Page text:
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Constitutional Reform Act 2005

Part 7: General.Commentary on Sections

Section 139: Confidentiality

367.Section 139 is a general confidentiality provision which applies to the selection and appointment of Justices of the Supreme Court under sections 26 to 31 in Part 3 of the Act and to the selection, appointment and discipline of judicial office holders under Part 4 and under any regulations and rules made under Part 4. All information which relates to an identified or identifiable individual is confidential and can be disclosed only with lawful authority. Disclosure without lawful authority is made subject to a civil action for breach of statutory duty.

368.Information may be lawfully disclosed with the consent of the person concerned; or where disclosure is necessary in order for a person to perform their functions in relation to the selection, appointment or disciplining of judicial office holders; or where disclosure is necessary in connection with the exercise of Parliamentary powers to remove a senior judge or a decision whether to exercise such powers; or where the disclosure is necessary in connection with the exercise of powers to remove, discipline or suspend a judicial office holder; or where the disclosure is required for the purposes of legal proceedings in order to comply with court rules or a court order.

369.Where confidential information has been provided by one identifiable person about another identifiable person, it relates to both, and may only be disclosed to the subject of the information with the consent of its provider.

370.Despite the confidentiality provisions, the Lord Chancellor and Lord Chief Justice may decide to disclose information about disciplinary action taken against an identifiable judicial office holder. Disclosure which would otherwise be prohibited by this section is also permitted if the information concerned is already available to the public from other sources, or has been so in the past.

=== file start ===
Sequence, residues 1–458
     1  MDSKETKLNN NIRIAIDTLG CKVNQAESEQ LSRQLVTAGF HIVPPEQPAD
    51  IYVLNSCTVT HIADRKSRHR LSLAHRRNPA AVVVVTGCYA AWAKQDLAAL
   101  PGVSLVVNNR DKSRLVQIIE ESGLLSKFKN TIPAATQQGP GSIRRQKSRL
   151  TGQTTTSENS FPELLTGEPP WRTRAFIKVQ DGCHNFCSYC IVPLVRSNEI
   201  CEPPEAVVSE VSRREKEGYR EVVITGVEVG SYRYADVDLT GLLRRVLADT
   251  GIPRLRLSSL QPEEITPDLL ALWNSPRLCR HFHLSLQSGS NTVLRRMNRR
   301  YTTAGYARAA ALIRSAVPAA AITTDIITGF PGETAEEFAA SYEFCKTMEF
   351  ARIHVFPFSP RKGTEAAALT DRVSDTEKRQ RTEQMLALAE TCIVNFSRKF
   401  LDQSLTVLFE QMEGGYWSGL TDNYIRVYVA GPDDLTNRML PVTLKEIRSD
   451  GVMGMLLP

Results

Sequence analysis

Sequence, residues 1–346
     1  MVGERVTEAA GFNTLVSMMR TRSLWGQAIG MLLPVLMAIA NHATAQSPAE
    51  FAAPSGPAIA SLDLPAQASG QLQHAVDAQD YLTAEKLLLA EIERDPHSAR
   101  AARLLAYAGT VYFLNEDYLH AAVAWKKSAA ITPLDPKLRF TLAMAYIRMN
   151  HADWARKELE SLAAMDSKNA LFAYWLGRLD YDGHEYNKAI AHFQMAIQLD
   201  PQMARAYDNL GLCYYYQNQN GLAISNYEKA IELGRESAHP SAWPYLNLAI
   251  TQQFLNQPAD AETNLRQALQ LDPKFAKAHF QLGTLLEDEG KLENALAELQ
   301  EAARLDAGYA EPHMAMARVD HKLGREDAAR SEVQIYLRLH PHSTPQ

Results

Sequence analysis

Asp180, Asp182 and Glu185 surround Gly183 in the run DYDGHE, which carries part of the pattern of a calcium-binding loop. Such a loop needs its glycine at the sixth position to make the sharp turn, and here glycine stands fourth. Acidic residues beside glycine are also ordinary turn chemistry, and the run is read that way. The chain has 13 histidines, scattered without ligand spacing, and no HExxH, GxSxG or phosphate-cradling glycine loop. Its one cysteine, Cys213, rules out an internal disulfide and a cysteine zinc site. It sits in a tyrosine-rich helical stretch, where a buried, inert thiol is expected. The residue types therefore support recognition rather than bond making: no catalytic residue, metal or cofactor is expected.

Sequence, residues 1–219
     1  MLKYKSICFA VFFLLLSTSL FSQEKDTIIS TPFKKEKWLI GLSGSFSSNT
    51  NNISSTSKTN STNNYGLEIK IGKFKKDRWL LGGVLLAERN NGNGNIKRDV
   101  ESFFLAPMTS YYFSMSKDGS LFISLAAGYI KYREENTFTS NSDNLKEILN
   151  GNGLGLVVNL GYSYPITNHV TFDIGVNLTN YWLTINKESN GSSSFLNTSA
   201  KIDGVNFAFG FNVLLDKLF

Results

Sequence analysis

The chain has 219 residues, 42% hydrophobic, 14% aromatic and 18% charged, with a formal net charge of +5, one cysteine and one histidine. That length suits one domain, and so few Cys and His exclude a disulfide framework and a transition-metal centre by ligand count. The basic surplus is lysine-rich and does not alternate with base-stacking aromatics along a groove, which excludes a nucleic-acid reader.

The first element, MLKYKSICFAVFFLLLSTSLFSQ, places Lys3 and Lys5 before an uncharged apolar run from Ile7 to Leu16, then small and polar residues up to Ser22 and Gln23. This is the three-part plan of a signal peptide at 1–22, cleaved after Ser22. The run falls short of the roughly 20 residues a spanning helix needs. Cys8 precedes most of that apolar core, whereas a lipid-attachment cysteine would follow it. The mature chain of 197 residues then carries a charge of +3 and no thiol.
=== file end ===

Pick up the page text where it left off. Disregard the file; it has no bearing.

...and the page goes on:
Section 140 “Enactment”

371.Section 140 defines “enactment” for the purposes of the Act. Different Parts of the Act extend to different parts of the United Kingdom. In those Parts of the Act that apply throughout the United Kingdom, “enactment” is defined to include Acts of the Scottish Parliament and Northern Ireland legislation. In those Parts that extend only to England and Wales and Northern Ireland, “enactment” refers only to Acts of the Westminster Parliament and Northern Ireland legislation (and, where necessary, Measures of the Church of England). The aim is to remove any uncertainty about the meaning of the term “enactment” in different Parts of the Act.

Section 141 “Subordinate Legislation”

372.Section 141 defines “subordinate legislation” for the purposes of the Act, giving it the same meaning as in the Interpretation Act 1978, but also providing that in the context of making supplementary provisions about functions of the Lord Chancellor, and other transitional or consequential provisions, it also includes an enactment contained in an instrument made under Northern Ireland legislation.

Section 142: General Interpretation

373.The section defines “functions” to include powers and duties, and extends the definition of “Minister of the Crown” in the Ministers of the Crown Act 1975 so that it applies in this Act.

Section 143: Supplementary provision etc

374.Section 143 provides for the Lord Chancellor to make, by order (made by statutory instrument), any supplementary, incidental, consequential, transitory, transitional or saving provision, as he considers necessary or expedient for the purposes of the Act, in consequence of it, or to give it full effect. Subsection (2) makes it clear that such an order can, if necessary, amend or repeal other enactments, subordinate legislation, and other instruments or documents.